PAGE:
s
                ssil Sep 16, 2011 06:56 PM

                i go to epicure and i second that. it seems the prices in the sunny isles store are sometimes lower. i don't like the meat at lorenzo's any more. i shop there though, and have for decades. it was never as good as at epicure. ever. in fact, no shop in south florida sells prime beef over a counter that is equal to epicure. bay harbor fine foods used to be very good too, years and years ago.... go to epicure. as for costco, i have never tried that, and don't intend to.

                1. re: DolceFarNiente
                  m
                  Mike Moskos Oct 14, 2011 05:35 PM

                  I'd no longer consider myself a "beef connoisseur", but in generally, I'd argue that completely grass-fed beef (also called pastured or "grass finished") has a better flavor than any type of prime beef. You'll probably get a better value for your dollar by buying any type of grass-fed beef, but if you can afford it, get the dry-aged grass fed beef (probably less cost than prime beef). It is more expensive because the dry-aging process makes the meat lose water weight, but concentrate the flavor.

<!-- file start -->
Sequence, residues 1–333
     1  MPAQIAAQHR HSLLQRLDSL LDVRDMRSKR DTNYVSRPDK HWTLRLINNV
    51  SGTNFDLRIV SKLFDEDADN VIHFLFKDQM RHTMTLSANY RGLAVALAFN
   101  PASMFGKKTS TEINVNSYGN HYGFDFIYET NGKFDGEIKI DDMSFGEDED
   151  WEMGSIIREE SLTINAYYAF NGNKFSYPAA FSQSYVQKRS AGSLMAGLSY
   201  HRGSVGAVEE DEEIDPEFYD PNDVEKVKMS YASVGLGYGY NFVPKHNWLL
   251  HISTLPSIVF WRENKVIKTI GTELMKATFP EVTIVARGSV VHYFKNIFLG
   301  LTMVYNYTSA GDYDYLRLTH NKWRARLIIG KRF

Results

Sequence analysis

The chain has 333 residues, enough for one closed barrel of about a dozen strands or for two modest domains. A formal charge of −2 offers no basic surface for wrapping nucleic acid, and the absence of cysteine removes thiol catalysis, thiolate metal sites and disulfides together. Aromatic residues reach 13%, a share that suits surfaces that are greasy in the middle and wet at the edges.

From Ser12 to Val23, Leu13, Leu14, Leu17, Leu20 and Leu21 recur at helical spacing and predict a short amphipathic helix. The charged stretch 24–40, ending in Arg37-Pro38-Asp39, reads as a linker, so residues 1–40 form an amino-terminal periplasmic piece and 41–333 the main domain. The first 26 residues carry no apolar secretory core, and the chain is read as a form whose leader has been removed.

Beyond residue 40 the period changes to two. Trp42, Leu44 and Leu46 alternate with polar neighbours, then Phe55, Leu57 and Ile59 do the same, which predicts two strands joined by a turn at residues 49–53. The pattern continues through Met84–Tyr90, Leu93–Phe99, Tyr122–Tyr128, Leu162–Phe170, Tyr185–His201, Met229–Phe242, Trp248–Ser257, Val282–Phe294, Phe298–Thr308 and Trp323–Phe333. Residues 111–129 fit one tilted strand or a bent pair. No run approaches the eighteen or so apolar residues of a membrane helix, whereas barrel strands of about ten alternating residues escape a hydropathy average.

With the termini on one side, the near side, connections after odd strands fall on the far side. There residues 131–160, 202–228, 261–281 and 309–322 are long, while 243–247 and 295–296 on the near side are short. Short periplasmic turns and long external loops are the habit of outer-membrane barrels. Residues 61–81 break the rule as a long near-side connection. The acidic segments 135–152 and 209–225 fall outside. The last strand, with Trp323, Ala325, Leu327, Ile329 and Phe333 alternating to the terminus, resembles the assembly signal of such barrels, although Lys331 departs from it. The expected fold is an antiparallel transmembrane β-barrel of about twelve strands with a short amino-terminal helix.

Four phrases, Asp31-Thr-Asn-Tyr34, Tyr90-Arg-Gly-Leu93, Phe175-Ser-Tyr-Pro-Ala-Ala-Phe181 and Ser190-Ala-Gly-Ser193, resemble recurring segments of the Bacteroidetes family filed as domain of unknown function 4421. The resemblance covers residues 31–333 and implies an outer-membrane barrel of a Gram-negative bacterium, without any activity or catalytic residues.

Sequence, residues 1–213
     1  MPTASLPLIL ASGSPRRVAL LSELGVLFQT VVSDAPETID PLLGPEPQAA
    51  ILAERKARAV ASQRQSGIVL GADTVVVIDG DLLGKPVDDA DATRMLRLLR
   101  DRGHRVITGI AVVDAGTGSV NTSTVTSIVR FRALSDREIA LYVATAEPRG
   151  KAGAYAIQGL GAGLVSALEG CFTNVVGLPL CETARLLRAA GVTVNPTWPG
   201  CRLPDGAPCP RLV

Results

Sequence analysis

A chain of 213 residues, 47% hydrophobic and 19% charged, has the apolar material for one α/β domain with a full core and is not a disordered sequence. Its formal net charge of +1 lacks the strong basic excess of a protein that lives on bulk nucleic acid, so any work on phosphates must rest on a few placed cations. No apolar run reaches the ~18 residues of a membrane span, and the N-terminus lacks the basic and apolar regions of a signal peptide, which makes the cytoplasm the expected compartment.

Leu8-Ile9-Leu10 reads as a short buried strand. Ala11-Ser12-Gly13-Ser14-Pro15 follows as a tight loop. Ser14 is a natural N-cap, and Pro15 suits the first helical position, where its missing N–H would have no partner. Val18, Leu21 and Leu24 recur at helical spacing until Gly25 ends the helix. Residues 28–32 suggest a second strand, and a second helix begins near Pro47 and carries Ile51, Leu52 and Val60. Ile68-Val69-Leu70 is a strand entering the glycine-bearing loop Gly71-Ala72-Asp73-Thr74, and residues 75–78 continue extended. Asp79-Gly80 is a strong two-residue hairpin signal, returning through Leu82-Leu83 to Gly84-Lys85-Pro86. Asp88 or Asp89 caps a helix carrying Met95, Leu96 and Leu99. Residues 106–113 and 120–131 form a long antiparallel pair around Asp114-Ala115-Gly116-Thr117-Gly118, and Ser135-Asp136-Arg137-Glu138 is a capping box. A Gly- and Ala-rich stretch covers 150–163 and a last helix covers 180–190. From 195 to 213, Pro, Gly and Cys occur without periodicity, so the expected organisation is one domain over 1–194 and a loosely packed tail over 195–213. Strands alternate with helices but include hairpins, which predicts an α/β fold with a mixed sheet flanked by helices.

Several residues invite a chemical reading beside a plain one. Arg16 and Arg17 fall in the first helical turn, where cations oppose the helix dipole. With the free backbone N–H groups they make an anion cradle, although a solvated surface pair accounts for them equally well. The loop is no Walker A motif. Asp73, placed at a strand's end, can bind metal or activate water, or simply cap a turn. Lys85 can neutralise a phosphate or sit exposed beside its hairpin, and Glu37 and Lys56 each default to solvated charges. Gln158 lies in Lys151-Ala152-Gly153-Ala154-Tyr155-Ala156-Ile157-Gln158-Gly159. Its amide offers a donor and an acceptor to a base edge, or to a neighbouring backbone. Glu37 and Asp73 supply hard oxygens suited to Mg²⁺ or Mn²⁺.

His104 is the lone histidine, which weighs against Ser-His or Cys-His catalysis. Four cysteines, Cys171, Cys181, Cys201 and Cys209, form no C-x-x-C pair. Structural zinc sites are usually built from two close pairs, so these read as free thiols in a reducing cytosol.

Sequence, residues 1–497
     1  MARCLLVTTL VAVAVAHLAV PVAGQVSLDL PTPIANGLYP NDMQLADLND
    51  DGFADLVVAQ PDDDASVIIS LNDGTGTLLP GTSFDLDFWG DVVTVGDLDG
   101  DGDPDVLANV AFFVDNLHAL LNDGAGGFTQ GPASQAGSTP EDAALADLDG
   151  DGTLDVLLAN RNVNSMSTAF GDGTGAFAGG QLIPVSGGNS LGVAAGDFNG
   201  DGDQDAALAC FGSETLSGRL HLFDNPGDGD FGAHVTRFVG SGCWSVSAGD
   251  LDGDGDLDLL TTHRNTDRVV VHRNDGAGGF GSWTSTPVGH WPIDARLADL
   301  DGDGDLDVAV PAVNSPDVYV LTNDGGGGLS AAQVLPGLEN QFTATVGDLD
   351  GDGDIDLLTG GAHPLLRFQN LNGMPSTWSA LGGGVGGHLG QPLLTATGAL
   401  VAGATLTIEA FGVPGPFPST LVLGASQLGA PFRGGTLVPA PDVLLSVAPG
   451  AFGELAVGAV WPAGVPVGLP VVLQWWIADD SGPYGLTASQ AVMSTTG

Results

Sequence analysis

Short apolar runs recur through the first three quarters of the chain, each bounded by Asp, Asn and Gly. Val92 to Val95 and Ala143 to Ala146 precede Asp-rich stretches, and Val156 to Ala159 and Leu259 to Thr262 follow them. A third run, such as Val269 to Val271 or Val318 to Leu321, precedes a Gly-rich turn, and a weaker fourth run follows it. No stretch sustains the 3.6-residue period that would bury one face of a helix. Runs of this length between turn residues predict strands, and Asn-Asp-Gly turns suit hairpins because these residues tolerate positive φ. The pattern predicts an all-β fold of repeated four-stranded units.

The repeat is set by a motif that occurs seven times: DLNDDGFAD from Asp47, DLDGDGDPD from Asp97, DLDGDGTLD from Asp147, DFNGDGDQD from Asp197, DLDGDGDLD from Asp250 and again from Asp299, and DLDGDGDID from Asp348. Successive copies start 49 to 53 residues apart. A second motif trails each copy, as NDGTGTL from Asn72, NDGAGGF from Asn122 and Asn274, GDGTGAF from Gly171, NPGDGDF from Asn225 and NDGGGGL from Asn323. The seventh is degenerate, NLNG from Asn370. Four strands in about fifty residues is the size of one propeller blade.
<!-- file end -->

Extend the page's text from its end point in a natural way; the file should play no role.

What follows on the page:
1. re: Mike Moskos
                    non sequitur Oct 17, 2011 02:06 PM

                    I used to get grass-fed at Lorenzo's too, but they stopped selling it years ago.
                    This could be a new thread, but: where do you get grass fed?
                    There is an Argentinian market on West side of Biscayne in aventura (south of the mall), but I've never been in it (though I might, to see if they carry it).

                    1. re: non sequitur
                      Frodnesor Oct 18, 2011 09:21 PM

                      For grass fed I would check out Gaucho Ranch which brings in grass-fed beef from Uruguay. Think they sell out of a shop around 75th St & NE 2nd Ave, also online.

                      The place you're thinking of in Aventura is Estancia Argentina, haven't gotten from them in a long time but I suspect it's also Uruguayan grass-fed.

                      Whole Foods (Aventura anyway) sometimes has grass-fed beef.

              2. f
                Fertexas Sep 28, 2011 08:32 PM

                Sorry for the late reply, try Fresh Market, I get Prime there, mostly tenderloin

                -----
                Fresh Market